Venice Biennale Organizers Respond to Calls to Exclude Israel and Iran

The statement follows comments from Italy's culture minister in support of Israel.

Entrance to the main exhibition venue of the Venice Biennale. Photo: Vittorio Zunino Celotto/Getty Images.

Organizers of the Venice Biennale have said they will not exclude Israel in response to calls to shut down the Israel pavilion in light of the human toll in the ongoing Israel-Hamas conflict.

Additionally, the organizers have said that they will also not exclude Iran, following another demand issued by the Woman Life Freedom Italy (WLFI) movement. WLFI called for Iran to be excluded over the Islamic republic’s crackdown on women and other dissenting voices in the wake of the death of Mahsa Amini, a woman detained in 2022 by Iran’s morality police for not wearing her lawfully required hijab. She died in custody, sparking widespread protests.

“It is with great astonishment and regret that we learned from the Venice Biennale website that, the Islamic Republic of Iran will be among the national participants with a curator and an artist chosen by the Iranian regime,” the Woman Life Freedom Italy movement said in a statement on Instagram.

“La Biennale di Venezia would like to specify that all countries recognized by the Italian Republic may autonomously request to participate officially,” the event organizers said in a statement. “Consequently, La Biennale may not take into consideration any petition or call to exclude the participation of Israel or Iran in the coming 60th International Art Exhibition.”

The WLFI statement follows an open letter published on February 26 by the Art Not Genocide Alliance (ANGA), which quickly garnered more than 8,000 signatures from artists and arts professionals around the world. It claimed that “any work that officially represents the state of Israel is an endorsement of its genocidal policies.”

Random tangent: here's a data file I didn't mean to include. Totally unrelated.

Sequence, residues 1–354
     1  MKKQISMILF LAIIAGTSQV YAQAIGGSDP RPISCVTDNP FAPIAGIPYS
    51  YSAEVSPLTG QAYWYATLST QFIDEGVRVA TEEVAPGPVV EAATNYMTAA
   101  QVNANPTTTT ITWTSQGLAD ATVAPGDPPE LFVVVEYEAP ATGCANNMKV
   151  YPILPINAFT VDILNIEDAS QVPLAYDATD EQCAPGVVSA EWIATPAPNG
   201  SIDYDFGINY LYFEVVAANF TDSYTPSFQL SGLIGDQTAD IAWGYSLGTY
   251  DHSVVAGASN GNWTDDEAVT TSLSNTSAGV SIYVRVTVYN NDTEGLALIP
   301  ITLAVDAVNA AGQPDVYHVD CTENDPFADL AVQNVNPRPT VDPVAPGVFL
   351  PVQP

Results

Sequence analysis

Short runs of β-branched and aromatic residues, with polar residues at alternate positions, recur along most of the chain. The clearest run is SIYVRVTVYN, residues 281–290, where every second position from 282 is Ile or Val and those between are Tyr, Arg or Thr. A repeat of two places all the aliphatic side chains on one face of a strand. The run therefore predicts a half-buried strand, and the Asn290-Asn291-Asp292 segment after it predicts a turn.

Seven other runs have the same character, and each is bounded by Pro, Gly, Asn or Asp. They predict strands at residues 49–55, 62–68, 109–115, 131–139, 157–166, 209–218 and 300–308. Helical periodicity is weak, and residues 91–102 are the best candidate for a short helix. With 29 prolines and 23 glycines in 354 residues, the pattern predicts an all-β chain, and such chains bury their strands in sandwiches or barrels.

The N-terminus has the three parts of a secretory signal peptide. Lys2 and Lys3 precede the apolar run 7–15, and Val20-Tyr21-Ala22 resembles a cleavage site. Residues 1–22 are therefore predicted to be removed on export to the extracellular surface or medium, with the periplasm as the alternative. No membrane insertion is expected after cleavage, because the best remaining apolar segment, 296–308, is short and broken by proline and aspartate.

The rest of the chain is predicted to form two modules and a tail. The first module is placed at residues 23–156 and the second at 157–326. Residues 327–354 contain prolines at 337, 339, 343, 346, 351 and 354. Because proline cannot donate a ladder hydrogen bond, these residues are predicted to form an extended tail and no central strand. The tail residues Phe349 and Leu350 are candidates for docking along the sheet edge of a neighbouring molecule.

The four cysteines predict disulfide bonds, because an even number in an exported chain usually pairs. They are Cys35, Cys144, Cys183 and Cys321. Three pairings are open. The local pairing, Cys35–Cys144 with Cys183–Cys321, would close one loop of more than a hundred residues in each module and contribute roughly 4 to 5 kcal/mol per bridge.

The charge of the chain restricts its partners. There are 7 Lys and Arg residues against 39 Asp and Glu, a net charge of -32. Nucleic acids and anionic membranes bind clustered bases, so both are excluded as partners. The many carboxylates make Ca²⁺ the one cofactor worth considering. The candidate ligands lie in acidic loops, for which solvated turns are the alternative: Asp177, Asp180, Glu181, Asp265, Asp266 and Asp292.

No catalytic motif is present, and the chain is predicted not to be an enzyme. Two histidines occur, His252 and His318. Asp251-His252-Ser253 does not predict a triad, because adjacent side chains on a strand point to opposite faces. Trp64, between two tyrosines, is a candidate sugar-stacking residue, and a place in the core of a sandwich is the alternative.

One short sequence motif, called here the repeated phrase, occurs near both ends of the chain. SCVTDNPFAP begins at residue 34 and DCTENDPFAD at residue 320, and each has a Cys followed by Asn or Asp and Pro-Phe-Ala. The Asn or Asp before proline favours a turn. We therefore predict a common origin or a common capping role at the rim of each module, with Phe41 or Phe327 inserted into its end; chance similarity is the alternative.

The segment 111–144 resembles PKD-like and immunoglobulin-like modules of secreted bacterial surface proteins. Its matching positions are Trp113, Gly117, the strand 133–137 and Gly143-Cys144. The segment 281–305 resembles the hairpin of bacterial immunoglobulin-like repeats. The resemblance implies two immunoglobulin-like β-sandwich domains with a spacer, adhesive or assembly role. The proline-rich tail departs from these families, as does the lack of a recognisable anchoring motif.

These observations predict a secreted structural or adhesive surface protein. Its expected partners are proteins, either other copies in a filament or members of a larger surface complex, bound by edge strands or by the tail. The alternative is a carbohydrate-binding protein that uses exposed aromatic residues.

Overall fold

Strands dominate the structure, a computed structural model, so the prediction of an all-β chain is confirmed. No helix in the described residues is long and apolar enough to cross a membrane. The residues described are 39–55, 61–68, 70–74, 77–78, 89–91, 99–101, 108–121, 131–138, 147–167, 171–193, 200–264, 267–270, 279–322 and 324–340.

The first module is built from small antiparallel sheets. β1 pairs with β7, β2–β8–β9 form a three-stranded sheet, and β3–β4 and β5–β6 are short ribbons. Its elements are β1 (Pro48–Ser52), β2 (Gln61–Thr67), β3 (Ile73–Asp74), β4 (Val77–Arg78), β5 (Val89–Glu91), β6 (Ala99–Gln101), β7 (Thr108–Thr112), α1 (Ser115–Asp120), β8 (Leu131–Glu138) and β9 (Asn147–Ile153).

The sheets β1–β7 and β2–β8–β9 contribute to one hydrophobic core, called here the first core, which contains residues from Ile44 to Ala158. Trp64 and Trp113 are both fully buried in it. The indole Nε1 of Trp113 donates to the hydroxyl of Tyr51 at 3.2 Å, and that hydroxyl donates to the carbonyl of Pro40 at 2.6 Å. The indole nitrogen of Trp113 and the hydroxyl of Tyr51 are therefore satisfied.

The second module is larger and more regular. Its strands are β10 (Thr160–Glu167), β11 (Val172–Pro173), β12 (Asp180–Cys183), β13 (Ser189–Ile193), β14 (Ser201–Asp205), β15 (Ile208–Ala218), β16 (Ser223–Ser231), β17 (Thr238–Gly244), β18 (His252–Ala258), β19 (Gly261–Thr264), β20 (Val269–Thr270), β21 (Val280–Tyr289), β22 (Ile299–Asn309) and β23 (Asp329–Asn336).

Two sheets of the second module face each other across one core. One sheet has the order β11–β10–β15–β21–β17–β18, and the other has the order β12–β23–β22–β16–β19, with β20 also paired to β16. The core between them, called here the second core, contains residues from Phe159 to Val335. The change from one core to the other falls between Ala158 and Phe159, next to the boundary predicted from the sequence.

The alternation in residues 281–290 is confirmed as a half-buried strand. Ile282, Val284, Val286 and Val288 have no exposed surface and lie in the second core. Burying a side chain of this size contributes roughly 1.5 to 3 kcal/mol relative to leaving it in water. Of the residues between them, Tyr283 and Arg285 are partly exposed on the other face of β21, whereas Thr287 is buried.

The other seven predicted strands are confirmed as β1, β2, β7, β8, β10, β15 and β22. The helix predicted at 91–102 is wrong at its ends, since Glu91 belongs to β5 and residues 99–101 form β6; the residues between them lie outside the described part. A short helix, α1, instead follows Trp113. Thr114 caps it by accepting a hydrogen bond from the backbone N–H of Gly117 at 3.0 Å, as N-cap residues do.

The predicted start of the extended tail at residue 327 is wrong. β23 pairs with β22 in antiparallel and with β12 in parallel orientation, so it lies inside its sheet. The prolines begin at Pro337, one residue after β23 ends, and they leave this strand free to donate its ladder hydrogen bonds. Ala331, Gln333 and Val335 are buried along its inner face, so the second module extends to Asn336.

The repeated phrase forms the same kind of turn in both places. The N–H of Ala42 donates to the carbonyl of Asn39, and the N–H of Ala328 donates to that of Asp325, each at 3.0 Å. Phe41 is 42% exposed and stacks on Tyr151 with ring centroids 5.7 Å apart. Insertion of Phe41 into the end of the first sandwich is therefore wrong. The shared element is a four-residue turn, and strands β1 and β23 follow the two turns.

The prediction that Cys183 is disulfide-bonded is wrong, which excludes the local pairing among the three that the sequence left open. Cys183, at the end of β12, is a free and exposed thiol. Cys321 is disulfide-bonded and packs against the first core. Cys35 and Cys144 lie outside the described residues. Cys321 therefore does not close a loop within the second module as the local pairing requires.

ANGA’s letter noted that apartheid South Africa had been barred from participation in the Biennale until 1993 and that the last edition’s curator spoke out against Russia after its invasion of Ukraine in 2022. In response, the biennial’s organizers said that the decision to close the Russian Pavilion at the 59th International Art Exhibition in 2022 “was made by the commissioner and the curator designated by the Minister of Culture of the Russian Federation, which announced that it would not participate in the coming 60th International Art Exhibition.”

Venice Biennale organizers further pointed out that there are two projects featuring the participation of Palestinian artists, “one of which was selected as one of the 30 Collateral Events approved at the complete discretion of the curator Adriano Pedrosa, whose artistic decision is final and irrevocable.”

Following ANGA’s open letter, the Italian Culture Minister Gennaro Sangiuliano responded by expressing support for Israel, saying: “Israel not only has the right to express its art, but it has the duty to bear witness of its people precisely at a time like this when it has been attacked in cold blood by merciless terrorists.”

Israeli Culture Minister Miki Zohar, a member of controversial Prime Minister Benjamin Netanyahu’s Likud party, has affirmed that the country would be participating in the biennale and thanked Sangiuliano for his support, the Washington Post reported.

“Art is a bridge between cultures and between peoples,” Zohar said in his statement. “And we will continue to firmly set out against attempts to boycott Israel in international forums.”

The calls made against Israel’s and Iran’s participation are notable at a geopolitical level because Israel is currently at war with Hamas, the Palestinian militia considered by the U.S. and its allies to be a terrorist organization. The U.S. has been accused of fighting a proxy war with Iran, which has allegedly provided funds and other support to Hamas and other Shiite Muslim militant groups, like Lebanon’s Hezbollah.

Follow Artnet News on Facebook:

Want to stay ahead of the art world? Subscribe to our newsletter to get the breaking news, eye-opening interviews, and incisive critical takes that drive the conversation forward.
Article topics